Off the coast of Miami, corals are dying. Why? Because of a 16-month-long project to expand the harbor channel. A new study shows how the project killed over half a million corals between 2013 and 2015.
Published in the journal Marine Pollution Bulletin Thursday, the study involved on-the-ground observations of the corals coupled with satellite images to see how much sedimentation the project’s dredging threw into the water—and how all that sediment ultimately affected coral health. The authors found that nearly 2,000 pounds of sediment were suffocating the reefs for every 10 square feet about a mile and a half out from where the dredging was occurring.
As the authors found, up to 74 percent of corals died near the channel in the months after the dredging to expand the shipping channel began. Even two years later, the researchers found that the density of corals some 65 feet from the channel had suffered as a result of the sedimentation.
Corals are pretty fragile organisms. If the water grows too warm, they can begin to die as they expel the algae they need to help produce food. Too much acid in the water (as a result of carbon dioxide), and corals grow weaker and can shrink. Now, if sand and sediment pile on top of corals, they lose access to light, which helps their algae produce food, and they can use a lot of energy trying to remove all that sediment. In short, all these things can kill corals, which are already dying around the world in mass due to climate change.
“If we want to conserve these ecosystems for the generations that come after us, it’s essential that we do all we can to conserve the corals we still have left,” said senior author Andrew Baker, an associate professor of marine biology and ecology at the University of Miami, in an academic release. “These climate survivors may hold the key to understanding how some corals can survive global changes.”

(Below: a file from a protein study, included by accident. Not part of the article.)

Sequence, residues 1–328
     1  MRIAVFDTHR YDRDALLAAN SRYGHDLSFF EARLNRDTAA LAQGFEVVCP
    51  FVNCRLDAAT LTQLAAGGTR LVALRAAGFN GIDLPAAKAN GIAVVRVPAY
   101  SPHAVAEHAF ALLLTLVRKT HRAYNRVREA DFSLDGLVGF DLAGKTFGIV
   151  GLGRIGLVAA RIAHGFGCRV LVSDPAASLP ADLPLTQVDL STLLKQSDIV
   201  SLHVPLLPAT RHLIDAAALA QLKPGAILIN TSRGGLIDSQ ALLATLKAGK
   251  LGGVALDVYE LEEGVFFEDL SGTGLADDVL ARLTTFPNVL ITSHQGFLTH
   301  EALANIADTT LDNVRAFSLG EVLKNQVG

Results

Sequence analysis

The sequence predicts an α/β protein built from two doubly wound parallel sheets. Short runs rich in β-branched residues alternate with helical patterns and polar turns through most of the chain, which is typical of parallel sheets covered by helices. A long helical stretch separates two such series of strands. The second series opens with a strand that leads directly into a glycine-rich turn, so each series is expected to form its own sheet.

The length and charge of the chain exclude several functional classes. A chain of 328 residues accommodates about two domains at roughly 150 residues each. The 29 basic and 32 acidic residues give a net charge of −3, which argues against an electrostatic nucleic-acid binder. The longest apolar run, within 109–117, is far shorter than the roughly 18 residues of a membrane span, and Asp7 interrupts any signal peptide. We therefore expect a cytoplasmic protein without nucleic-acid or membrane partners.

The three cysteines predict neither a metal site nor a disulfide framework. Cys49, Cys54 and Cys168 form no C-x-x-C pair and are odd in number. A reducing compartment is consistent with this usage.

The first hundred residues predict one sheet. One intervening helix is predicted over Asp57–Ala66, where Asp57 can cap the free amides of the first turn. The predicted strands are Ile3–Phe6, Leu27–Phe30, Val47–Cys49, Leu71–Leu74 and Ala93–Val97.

In Miami, more than 560,000 corals were killed in the immediate vicinity of the dredging, according to the study. The authors were able to look at where the sediment plumes hit via satellite images to estimate the distance of the impact. Turns out that they were likely felt more than six miles away from where the dredging occurred. Before the project began, only one coral had been tagged as partially buried by sediment. After the project, the reefs were completely transformed.
An independent consulting firm that the Port of Miami and Army Corps of Engineers hired to conduct environmental monitoring for the project previously attributed the mass coral die off to a disease outbreak. This study, however, controlled for that and looked at how corals closest to the dredging fared during this period. The study’s results contradict what the consulting firm found and showed the value of using satellite images, on-site observations, as well as sediment data, to find the root cause of what’s harming coral.
“It was important to differentiate these multiple impacts occurring on the reefs to understand the direct effects of dredging specifically,” said lead author Ross Cunning, a research biologist at the Shedd Aquarium in Chicago, in the release. “We brought together all the available data from satellites, sediment traps, and hundreds of underwater surveys. Together, the multiple, independent datasets clearly show that dredging caused the major damages observed on these reefs.”
The results are heartbreaking: The threatened staghorn coral, which is protected under the Endangered Species Act, was one of those affected. So is elkhorn coral, another threatened species. These corals need all the protection they can get. And development projects that kill them certainly don’t help the threats they already face from warming oceans.